Formidable Colorado Pioneer Women

Tough and hardy, pioneer women did what was necessary to survive.  They stood by their men or alone and fought Indians, the elements, starvation, and toiled endlessly in the fields and at home.

However, hard they fought at home, they continued their fight for schools, churches, and bringing the law into the wilderness.

Many single women who homesteaded the new territory, took on the responsibility of men, working their own land and acquiring jobs such as mule skinners, hunters and trappers, and working cattle ranches. Notable Women in the new Colorado territory became famous as wives of miners who struck it rich during the Colorado gold rush of 1859.

Baby Doe Tabor, one of the most famous pioneer women and married to Colorado millionaire Horace Tabor, lived in excess and died in poverty.

The “Unsinkable” Molly Brown and her husband became rich when he struck a huge gold vein west of Denver.  Molly became famous for her part in the greatest maritime disaster in history, when the Titanic struck an iceberg on April 14, 1912, and sank. There were infamous women in Colorado history as well.  Cripple Creek’s Pearl de Vere, was the madam of the most elaborate “gentlemen’s club” in the Pikes Peak region of the gold rush.

Colorado bad girls features three Colorado women were sent to jail for breaking the law and their “mug shots” sent all over the state.

Famous Hunter, Martha Maxwell, was known as the “Colorado Huntress” by using unusual methods of bringing down the game and displaying her handiwork.

One of the outspoken Colorado women against the treatment of Native Americans was Helen Hunt Jackson.  She traveled the country in an attempt to make people realize the plight of the Indians at the hands of the government.

Pioneer women longed for the opportunity to vote and by the late 1800s had earned that right in four western states.  Caroline Churchill was one of the founders of the women’s movement in Colorado.

Whatever job the pioneer women took on, whether female outlaws or pillars of the community, they followed through and became even greater assets to the establishment of Colorado as a state than men.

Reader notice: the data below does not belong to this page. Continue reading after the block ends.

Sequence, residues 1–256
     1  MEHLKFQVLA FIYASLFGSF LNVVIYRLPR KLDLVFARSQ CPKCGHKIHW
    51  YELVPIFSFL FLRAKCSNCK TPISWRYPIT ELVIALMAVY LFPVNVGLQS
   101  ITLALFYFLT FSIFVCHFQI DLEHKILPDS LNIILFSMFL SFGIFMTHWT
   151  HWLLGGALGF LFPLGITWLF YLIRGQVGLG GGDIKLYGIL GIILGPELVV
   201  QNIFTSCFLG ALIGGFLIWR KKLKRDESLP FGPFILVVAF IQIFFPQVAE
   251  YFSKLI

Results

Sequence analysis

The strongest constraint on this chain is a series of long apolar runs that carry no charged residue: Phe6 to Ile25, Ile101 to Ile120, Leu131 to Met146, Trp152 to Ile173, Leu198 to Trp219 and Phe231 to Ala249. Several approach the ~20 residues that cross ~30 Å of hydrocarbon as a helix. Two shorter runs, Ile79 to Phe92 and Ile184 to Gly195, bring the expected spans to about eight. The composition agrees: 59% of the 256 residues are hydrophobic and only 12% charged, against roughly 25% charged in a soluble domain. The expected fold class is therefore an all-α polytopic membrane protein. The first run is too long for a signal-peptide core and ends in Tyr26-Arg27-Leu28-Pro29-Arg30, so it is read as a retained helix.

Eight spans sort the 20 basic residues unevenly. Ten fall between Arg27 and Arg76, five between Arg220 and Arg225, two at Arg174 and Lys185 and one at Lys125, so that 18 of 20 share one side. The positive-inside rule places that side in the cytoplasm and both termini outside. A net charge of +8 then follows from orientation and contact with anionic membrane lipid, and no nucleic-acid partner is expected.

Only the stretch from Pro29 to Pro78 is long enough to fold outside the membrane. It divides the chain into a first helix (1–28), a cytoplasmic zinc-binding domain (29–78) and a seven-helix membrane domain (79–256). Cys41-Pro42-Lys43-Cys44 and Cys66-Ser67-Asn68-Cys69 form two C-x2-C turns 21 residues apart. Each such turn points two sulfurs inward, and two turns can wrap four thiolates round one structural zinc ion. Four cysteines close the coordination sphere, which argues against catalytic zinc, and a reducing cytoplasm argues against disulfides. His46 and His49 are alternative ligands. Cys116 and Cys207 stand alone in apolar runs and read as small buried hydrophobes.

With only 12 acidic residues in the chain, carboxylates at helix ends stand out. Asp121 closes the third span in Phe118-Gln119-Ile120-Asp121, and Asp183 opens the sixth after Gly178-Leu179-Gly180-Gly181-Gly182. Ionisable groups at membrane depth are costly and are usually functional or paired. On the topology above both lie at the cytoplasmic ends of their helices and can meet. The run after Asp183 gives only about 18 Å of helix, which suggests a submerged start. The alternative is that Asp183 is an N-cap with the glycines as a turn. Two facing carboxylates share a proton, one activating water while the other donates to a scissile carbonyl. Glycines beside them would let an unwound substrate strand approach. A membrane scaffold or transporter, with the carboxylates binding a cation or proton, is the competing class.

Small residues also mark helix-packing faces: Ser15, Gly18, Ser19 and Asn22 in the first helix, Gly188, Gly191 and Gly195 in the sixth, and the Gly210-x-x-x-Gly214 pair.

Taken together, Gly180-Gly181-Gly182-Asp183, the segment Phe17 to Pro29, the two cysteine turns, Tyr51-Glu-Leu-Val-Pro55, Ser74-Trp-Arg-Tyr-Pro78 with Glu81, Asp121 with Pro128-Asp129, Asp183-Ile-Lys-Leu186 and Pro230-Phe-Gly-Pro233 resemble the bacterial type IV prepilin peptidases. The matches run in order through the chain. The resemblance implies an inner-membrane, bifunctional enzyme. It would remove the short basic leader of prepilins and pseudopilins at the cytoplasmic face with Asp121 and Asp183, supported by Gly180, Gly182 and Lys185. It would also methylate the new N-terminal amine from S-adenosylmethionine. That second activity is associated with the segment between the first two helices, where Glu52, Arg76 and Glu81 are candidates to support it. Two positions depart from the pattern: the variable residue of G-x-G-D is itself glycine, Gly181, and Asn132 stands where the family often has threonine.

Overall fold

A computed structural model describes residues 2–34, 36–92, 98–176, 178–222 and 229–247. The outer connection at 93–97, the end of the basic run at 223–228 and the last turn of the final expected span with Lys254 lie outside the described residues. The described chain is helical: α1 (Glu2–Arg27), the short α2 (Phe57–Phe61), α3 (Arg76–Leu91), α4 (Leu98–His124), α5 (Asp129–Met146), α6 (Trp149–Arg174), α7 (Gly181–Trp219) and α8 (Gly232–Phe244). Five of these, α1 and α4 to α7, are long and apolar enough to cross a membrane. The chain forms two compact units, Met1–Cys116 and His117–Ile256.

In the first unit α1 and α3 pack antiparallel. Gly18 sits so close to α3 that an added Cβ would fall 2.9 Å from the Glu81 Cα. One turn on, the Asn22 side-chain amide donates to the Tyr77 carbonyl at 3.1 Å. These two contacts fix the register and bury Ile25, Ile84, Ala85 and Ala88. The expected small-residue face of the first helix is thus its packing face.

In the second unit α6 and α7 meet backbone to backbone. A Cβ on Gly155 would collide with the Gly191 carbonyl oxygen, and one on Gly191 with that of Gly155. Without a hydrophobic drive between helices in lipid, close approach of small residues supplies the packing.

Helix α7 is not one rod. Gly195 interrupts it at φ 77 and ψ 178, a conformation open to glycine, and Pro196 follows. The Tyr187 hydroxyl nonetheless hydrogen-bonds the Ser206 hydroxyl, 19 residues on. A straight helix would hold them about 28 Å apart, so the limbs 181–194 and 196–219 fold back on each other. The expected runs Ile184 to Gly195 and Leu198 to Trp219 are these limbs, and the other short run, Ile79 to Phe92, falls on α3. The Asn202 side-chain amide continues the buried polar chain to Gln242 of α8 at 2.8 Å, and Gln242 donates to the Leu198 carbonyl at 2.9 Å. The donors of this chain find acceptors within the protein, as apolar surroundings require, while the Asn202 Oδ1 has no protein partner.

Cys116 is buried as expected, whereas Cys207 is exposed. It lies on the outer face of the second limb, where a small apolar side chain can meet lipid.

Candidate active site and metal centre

Caroline Churchill

Fights for Women’s Rights in Colorado

One of the first ladies of women’s equal rights in the west, Churchill used her newspaper, the Colorado Antelope to support women.

Caroline Churchill
Caroline Churchill photo courtesy of Time Life Books

An ex-teacher, she used political reporting, poetry, and outright anger to keep women appraised of their rights and encouraged them to get involved.

Caroline started her newspaper in 1879, without a cent and but with tenacity.

The plucky woman wrote from the heart believing in women’s rights and the abuse of men to the “fairer sex.”

She met with opposition by the dominant male population of Colorado.  Many thought her feminism to be brought on by “mid-life changes.”

Others laughed at her exploits and avowed that she would drop this nonsense when she got it out of her system.

In 1882, she changed the name of her Denver newspaper to the “Queen Bee” and started weekly publications.

She relentlessly pushed for education for young ladies and pensions for mothers with children.  Due to Caroline’s efforts, women obtained equality in Colorado in 1893, while back east, the idea was scandalous.

No matter what was thought about Churchill’s values, she was a pioneer woman ahead of her time and a great asset to women’s rights.

Pearl de Vere

The Cripple Creek Madame

Pearl de Vere, the famous madam in Denver, moved her establishment to the rich goldfields of Cripple Creek, Colorado.

Gold fever was everywhere along the Pikes Peak region and miners were earning thousands of dollars a month for their labor and spending it just as quickly. Ms. de Vere set up her “house” on the outskirts of Cripple Creek on Myers Avenue outside of town, in the middle of the red light district.  A fire three years later destroyed most of the town, including de Vere’s house, but Pearl rebuilt and was back open within weeks.

A classy lady, she decided she wanted an opulent establishment painted pink and loaded with expensive furnishings.

Called the “Old Homestead” the place became known for a hundred miles around, even to Denver.  It was an expensive and elaborate residence.

To gain entry to the house, the front door was in charge of a crisply dressed maid who took the admittance fee charged of $50-$100.  A letter of introduction was also required.  Pearl’s place was open to only the most affluent of customers.

Champagne flowing, fine food prepared by a chef, and elaborate drinks kept the festivities going, as well as a piano player in the foyer. Hand-painted screens were scattered through the floors of the house.  Velvet wallpaper and damask curtains set the mood. Crystal chandeliers blazed and red velvet plush furniture filled the rooms.  Paintings of scantily dressed women adorned the walls.

Many new-fangled gadgets were introduced to guests for the first time.  One such item was the Edison Standard Phonograph.  Listening to music already recorded was an auditory miracle.

The introduction of electricity made gas lamps obsolete and in every room of the house, lights were on day and night.

Pearl had bathrooms with running water installed.  This was a luxury most could not afford.  Her staff of at least seven people kept the liquor cabinet stocked and saw that the culinary morsels were always available.

Pearl had a short life in Cripple Creek.  She moved there in 1893 and died in 1897 from an overdose of morphine.

The Old Homestead still exists on the outskirts of town and is preserved by the historical society in all its elegant glory.